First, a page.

The Los Alamos National Laboratory’s mission is to, among other things, conduct research to help strengthen the security of energy for the USA. The work is multidisciplinary and includes the exploration of alternative energy sources.
Perovskite crystals were first discovered in 1839 and these have been used since the 1970s for their oxide ion-conducting properties. In solar cells, the light-harvesting active layer, which is commonly a tin halide-based material or hybrid organic-inorganic lead, often uses a perovskite-structured compound.
Insights into 3D perovskite efficiency recovery was obtained by work previously done by the Los Alamos team. The results included the fact that the 3D structures gives small timeouts in a dark space. Not only do 3D perovskites have power conversion efficiencies of better than 20%, they also exhibit remarkable photo-physical properties. In spite of this impressive efficiency (compared to a mere 4.73% achieved by 2D structures), the downside of using 3D perovskites structures is their poor performance in humidity, heat and light related stress tests.
In an effort to overcome the 3D weaknesses, research teams from various institutions have been looking at 2-D structures, which are believed to be more resilient. Rather than the research turning into a race, researches from Los Alamos National Laboratory, Northwestern University and Rice University are working on the project together. Mercouri G. Kanatzidis from Northwestern notes that there is a very strong synergy between the institutions. While the Los Alamos team excels at making solar cells, which are optimizing high performance, Northwestern’s materials design team proved that the 2D approach is promising by designing and preparing high quality samples of the materials.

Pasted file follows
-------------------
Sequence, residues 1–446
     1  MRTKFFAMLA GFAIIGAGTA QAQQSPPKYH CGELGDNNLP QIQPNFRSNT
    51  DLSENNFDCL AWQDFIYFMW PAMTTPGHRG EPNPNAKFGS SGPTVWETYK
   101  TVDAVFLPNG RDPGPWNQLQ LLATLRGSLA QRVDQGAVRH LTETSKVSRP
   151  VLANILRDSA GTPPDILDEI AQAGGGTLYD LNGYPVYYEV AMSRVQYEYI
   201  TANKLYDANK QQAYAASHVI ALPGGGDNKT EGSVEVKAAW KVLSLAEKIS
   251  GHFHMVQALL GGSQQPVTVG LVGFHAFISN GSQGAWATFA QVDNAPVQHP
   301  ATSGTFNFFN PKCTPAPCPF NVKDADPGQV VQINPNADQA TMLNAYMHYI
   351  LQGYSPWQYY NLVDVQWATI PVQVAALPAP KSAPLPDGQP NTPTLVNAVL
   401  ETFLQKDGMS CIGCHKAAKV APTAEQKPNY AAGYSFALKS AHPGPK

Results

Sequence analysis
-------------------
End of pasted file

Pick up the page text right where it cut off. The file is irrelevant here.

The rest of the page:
Wanyi Nie, a Los Alamos researcher, states that the typical 3-D organic-inorganic crystals that have been used in the past is trumped by the new 2-D perovskite on both an efficient and stability level. This holds true in exposure to the air as well as under constant lighting.
Before the crystal orientation techniques, that have recently been mastered, typical 2D crystal structures only achieved a 4.73 percent conversion efficiency. This was due to organic cations hitting the gap between layers caused by out-of-plane alignment of the crystals. The problem that has stymied researches for the last 20 years is how to “flip” or orientate the crystals during the actual casting process. Hsinhan Tsai, a Rice graduate student working with senior researcher Aditya Mohite at Los Alamos, believes their spin-casting technique is the breakthrough that will bring 2D perovskite crystals closer to use in the manufacture of solar cells.
This technique is used to create layered crystals during a hot casting process. The resultant layers cause electrons to flow vertically down the material resulting in them not being blocked by organic cations mid-layer. The resultant 2D layered perovskite has outstanding stability and the material’s previous power conversion efficiency has more than tripled, allowing it to achieve a whopping 12 percent efficiency.
The production of the new single-crystalline thin-films paves the way for a new generation of stable solar cell devices. The possible applications are however not limited to photovoltaics, but could compete with current generation optoelectronic devices such as lasers, sensors and LEDs (light-emitting diodes).
The full study was published in Nature journal.